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Earth System Science

GFDL brings many disciplines together to understand and predict interactions among human activities, ecosystems, biogeochemistry, and climate. We develop Earth System Models, researching biospheric processes and mechanisms, and conducting observational synthesis and analysis. We use these comprehensively interacting models of land, ocean, atmosphere, and sea ice, along with chemical, biological and ecological models. Driven by natural and human-induced forcings, they allow us to assess environmental change and ecological impacts such as ocean acidification and improve our understanding of past, present and future Earth System interactions.

Marine Ecosystems

Biogeochemical Change

Human activities are impacting local, regional, and even global biogeochemical cycles in fundamental ways, both directly, for example through pollution or land modification, and indirectly through modification of Earth’s climate. These changes include climate change, agricultural land use, ocean acidification, aquatic eutrophication, and many others. Understanding the biogeochemical changes and feedbacks involved is central to projecting the full scope of these impacts.

Marine Ecosystems

Future Carbon Uptake

The ability of the land and ocean to take up carbon dioxide released to the atmosphere from human activities is a profound but limited environmental service with respect to stabilizing climate. In the ocean, this carbon uptake leads to acidification, a key aspect of global biogeochemical change. The mechanisms that drive the cycling of carbon through the ocean-land-atmosphere system are key to understanding both the functioning of the earth as a system and the scope of our impact on climate.

Marine Ecosystems

Land Ecosystems and Hydrology

Understanding the influence of humans on the biosphere and the global climate system is one of the most pressing challenges in the Earth sciences. Land is a key component of the Earth system. Changes in land characteristics are extremely important for their effects on climate, terrestrial ecosystems, and simply because of the direct effects on the societies that live on that land. Our focus is terrestrial biogeochemical and hydrological cycles in both natural systems and those perturbed by human activity.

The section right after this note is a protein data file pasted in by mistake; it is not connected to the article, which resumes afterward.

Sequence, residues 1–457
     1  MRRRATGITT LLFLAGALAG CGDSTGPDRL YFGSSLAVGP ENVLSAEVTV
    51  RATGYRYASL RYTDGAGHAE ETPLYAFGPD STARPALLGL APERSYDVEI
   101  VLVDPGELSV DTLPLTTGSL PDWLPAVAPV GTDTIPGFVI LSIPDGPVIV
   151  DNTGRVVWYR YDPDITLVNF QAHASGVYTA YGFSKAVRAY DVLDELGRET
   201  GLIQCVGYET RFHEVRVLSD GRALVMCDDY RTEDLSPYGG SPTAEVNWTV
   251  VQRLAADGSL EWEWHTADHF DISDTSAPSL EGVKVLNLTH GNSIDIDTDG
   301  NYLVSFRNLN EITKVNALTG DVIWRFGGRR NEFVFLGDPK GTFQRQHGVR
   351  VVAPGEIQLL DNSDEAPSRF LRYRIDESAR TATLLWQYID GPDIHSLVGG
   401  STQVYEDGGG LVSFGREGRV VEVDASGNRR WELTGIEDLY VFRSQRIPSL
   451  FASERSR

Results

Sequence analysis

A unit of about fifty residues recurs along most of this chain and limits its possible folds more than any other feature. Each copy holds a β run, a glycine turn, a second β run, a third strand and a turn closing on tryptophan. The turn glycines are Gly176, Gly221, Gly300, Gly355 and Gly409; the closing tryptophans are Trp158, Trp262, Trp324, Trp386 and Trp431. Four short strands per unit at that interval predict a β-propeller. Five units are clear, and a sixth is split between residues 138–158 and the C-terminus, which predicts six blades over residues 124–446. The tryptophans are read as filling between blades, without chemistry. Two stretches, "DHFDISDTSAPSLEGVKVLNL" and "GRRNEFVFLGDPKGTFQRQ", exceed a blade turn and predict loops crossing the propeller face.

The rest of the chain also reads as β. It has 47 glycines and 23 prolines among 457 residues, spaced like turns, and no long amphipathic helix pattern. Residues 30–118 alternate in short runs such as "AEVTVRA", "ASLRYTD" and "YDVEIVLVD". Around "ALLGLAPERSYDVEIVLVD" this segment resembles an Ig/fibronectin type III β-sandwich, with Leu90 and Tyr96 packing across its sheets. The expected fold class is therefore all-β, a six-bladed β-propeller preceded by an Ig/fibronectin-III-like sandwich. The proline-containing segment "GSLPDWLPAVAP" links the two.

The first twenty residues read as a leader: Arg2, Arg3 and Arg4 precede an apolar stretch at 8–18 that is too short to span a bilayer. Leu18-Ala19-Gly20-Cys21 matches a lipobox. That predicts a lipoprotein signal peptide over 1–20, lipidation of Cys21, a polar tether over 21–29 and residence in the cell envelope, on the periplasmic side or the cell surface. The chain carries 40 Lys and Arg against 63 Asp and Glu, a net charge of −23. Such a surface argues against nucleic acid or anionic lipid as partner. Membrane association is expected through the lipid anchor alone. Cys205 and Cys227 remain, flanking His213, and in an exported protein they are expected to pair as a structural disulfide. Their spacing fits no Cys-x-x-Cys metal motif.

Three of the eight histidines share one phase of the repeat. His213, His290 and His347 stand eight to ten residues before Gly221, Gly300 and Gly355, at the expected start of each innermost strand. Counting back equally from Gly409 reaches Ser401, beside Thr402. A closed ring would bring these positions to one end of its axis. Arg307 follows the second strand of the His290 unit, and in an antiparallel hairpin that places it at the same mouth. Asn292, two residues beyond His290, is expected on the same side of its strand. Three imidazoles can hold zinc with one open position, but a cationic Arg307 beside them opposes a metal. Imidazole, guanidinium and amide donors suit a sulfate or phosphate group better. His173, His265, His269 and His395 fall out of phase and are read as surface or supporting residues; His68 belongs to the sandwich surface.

Marine Ecosystems

Marine Ecosystems

The conservation and management of coastal and marine ecosystems and the living marine resources within them is a key component of NOAA’s mission. Commercial fish landings in the United States are valued at 4 billion dollars and over 1 million jobs are associated with commercial and marine recreational fishing. Coral reefs alone provide annual net tourism and recreational benefits of 483 million dollars to the U.S. economy . Globally, the estimated value of fisheries and coastal tourism exceeds 240 billion .

Marine Ecosystems

Tropospheric Chemistry and Aerosols

Tropospheric chemistry plays a critical role in perturbing the climate by controlling the abundance and distribution of a number of short-lived air pollutants, including methane, tropospheric ozone, and aerosols. The spatial and temporal distribution of these air pollutants, relevant for surface air quality, depends on direct emissions from natural sources and anthropogenic activities, chemical processes, atmospheric long-range transport, and climate variables such as temperature and humidity.

Recent Publications

  • Beaulieu, C, S A Henson, Jorge L Sarmiento, and John P Dunne, et al.: Factors challenging our ability to detect long-term trends in ocean chlorophyll. Biogeosciences, 10(4), DOI:10.5194/bg-10-2711-2013.
    April 2013
  • Bopp, L, and John P Dunne, et al., in press: Multiple stressors of ocean ecosystems in the 21st century: projections with CMIP5 models. Biogeosciences Discussions. DOI:10.5194/bgd-10-3627-2013. 2/13.
  • Cheung, W W., Jorge L Sarmiento, John P Dunne, and Thomas L Frolicher, et al.: Shrinking of fishes exacerbates impacts of global ocean changes on marine ecosystems. Nature Climate Change, 3(3), DOI:10.1038/NCLIMATE1691.
    March 2013
  • Cocco, V, F Joos, M Steinacher, Thomas L Frolicher, L Bopp, and John P Dunne, et al.: Oxygen and indicators of stress for marine life in multi-model global warming projections. Biogeosciences, 10(3), DOI:10.5194/bg-10-1849-2013.
    March 2013
  • Hazen, E L., R Rykaczewski, and John P Dunne, et al.: Predicted habitat shifts of Pacific top predators in a changing climate. Nature Climate Change, 3(3), DOI:10.1038/nclimate1686.
    March 2013